'Horse Girl' Review With Casey
Since movie theaters are closed to everyone, I watched a film through the streaming platform of Netflix called Horse Girl (released earlier this year). Sometimes a film is described as "mainstream" to explain its wide-ranging appeal and entertainment value to the largest audience possible. Horse Girl is not one of those films. So far, Jeff Baena has only directed darkly twisted comedies like The Little Hours (2017) and Life After Beth (2014). But Horse Girl is a quiet experimental drama about grief, isolation, and mental illness.
Alison Brie (Community, 2009-2015) plays an awkward young woman recovering from unknown trauma and mysterious family issues while living on her own. Zero romance and few friendships fill her life except for an overbearing infatuation with a horse she used to ride as a child. Something seems off with this woman. But the ordinary story takes its time...and then takes a left turn into something strange, so your questions about this woman may not be answered clearly. Alison Brie's performance is so well-balanced between desperate loneliness and tense fragility, you feel she might shatter at any moment.
I'm not going to lie. This film gets weird, and it abandons traditional narrative storytelling which makes the whole experience confusing and unnerving. But that's a brilliantly purposeful way Horse Girl forces viewers to feel a part of what mental illness is like. Blurring the line between dreams and reality, you won't know what you're looking at in some moments. But Horse Girl proves to be an emotional film that tells a story of mental illness seriously with earnest sensitivity and fierce originality. Other character studies of honest, current-day mental illness come to mind like Ingrid Goes West (2017), I Smile Back (2015), and Lars and the Real Girl (2007).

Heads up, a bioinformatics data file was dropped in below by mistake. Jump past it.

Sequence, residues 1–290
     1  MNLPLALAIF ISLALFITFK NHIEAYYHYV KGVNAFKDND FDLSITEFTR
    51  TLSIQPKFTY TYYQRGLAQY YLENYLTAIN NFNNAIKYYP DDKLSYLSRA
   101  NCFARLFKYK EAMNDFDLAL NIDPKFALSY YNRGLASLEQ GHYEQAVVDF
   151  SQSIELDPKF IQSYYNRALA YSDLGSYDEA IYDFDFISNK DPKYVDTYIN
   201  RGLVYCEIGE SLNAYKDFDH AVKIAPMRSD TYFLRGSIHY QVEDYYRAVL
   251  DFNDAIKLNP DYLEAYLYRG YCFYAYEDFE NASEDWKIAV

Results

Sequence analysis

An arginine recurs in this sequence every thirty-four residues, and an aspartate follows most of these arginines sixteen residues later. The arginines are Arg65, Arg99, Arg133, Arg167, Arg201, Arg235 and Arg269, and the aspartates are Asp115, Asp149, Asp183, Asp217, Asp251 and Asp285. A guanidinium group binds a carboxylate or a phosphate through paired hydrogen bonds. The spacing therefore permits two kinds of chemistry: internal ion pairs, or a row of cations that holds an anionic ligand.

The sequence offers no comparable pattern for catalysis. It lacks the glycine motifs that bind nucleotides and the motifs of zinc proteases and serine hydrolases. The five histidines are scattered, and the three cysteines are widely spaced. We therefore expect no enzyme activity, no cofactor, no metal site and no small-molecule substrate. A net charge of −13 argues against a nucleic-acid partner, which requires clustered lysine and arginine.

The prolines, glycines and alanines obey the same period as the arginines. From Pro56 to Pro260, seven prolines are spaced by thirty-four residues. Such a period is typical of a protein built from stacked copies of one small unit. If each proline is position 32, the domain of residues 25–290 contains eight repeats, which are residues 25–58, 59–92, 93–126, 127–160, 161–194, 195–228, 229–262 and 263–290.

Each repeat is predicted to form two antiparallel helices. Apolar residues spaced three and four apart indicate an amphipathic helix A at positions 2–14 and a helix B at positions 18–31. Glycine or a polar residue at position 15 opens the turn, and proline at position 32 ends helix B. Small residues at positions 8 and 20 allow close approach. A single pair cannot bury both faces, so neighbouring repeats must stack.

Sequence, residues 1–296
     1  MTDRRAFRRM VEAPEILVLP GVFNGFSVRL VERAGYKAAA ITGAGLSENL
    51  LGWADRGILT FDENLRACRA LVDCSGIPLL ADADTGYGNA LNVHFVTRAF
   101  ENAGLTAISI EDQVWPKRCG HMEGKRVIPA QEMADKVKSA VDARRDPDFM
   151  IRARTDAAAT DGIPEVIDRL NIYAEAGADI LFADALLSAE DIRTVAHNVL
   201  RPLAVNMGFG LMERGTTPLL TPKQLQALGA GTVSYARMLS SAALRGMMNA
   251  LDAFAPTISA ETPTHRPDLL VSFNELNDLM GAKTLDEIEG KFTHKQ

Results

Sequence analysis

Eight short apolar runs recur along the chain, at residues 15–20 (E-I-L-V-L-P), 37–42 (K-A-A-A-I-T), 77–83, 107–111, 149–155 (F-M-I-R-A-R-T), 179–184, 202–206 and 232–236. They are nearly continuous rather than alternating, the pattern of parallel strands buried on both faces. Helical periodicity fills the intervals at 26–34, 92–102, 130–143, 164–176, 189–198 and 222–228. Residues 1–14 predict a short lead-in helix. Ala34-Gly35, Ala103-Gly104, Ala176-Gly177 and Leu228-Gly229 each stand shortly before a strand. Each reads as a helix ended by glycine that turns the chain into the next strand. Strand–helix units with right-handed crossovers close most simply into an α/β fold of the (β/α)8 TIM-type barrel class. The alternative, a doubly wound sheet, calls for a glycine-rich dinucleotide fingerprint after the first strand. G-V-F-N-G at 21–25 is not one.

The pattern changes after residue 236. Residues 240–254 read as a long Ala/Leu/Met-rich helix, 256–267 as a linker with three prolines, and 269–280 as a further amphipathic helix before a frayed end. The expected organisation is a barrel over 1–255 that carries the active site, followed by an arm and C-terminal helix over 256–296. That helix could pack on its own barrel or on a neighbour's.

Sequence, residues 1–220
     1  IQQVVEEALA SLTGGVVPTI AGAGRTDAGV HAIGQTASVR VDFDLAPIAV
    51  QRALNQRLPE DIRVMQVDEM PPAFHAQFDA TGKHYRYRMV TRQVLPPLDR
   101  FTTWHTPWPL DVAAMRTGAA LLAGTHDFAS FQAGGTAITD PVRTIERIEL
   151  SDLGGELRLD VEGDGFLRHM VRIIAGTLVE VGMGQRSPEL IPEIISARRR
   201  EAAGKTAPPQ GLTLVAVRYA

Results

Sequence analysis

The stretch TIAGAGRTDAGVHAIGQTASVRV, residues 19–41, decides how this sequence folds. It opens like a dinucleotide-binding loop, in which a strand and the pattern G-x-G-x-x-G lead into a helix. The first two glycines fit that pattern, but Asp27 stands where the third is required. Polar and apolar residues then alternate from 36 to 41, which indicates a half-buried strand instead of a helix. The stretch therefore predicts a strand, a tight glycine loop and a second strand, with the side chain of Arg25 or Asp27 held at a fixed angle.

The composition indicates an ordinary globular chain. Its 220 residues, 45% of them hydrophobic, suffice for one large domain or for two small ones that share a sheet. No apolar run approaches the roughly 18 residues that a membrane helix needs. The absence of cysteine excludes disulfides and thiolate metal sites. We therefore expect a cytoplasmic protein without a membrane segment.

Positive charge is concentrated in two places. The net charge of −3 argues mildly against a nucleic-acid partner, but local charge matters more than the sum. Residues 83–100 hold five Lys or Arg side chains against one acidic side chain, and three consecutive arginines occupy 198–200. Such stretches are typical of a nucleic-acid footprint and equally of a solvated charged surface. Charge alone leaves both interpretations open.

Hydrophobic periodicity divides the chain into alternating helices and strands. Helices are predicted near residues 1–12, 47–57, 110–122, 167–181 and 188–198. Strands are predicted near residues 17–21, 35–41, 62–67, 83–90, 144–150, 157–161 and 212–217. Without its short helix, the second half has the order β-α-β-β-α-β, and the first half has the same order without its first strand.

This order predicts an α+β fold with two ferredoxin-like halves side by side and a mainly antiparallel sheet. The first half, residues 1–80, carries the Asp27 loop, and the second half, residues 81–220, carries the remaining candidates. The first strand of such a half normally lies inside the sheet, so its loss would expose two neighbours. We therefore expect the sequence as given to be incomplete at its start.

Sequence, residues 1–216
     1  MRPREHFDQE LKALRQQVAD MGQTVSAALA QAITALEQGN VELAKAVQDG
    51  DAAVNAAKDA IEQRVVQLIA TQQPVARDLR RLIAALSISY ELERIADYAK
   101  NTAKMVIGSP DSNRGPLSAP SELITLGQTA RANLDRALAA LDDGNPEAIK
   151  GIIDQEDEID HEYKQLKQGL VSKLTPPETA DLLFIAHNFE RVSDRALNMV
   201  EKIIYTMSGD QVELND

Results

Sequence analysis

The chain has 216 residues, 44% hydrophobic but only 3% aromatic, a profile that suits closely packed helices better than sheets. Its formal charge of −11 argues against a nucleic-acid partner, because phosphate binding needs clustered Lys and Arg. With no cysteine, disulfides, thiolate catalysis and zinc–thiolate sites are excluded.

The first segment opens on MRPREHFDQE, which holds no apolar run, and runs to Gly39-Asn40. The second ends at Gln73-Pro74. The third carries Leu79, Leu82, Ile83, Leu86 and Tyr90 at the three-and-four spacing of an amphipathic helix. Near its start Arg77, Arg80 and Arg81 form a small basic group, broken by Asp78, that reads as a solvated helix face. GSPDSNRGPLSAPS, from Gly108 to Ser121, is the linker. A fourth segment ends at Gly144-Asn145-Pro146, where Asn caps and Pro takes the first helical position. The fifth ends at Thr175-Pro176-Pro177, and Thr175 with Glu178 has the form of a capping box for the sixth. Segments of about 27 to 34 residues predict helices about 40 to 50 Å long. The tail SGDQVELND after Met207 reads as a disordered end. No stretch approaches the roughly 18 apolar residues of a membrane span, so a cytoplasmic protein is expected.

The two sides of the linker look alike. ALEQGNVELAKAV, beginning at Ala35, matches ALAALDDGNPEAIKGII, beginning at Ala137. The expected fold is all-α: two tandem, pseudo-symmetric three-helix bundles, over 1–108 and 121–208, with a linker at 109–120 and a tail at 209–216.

Other recent films that are now available through personal streaming platforms include Emma (a colorful & prim adaptation of the Jane Austen novel), Onward (Pixar is at it again mixing family relationships with another magical world), and Dolemite is My Name (a hilariously bawdy comedy of one man's real-life journey into Blaxploitation films in the 1970s).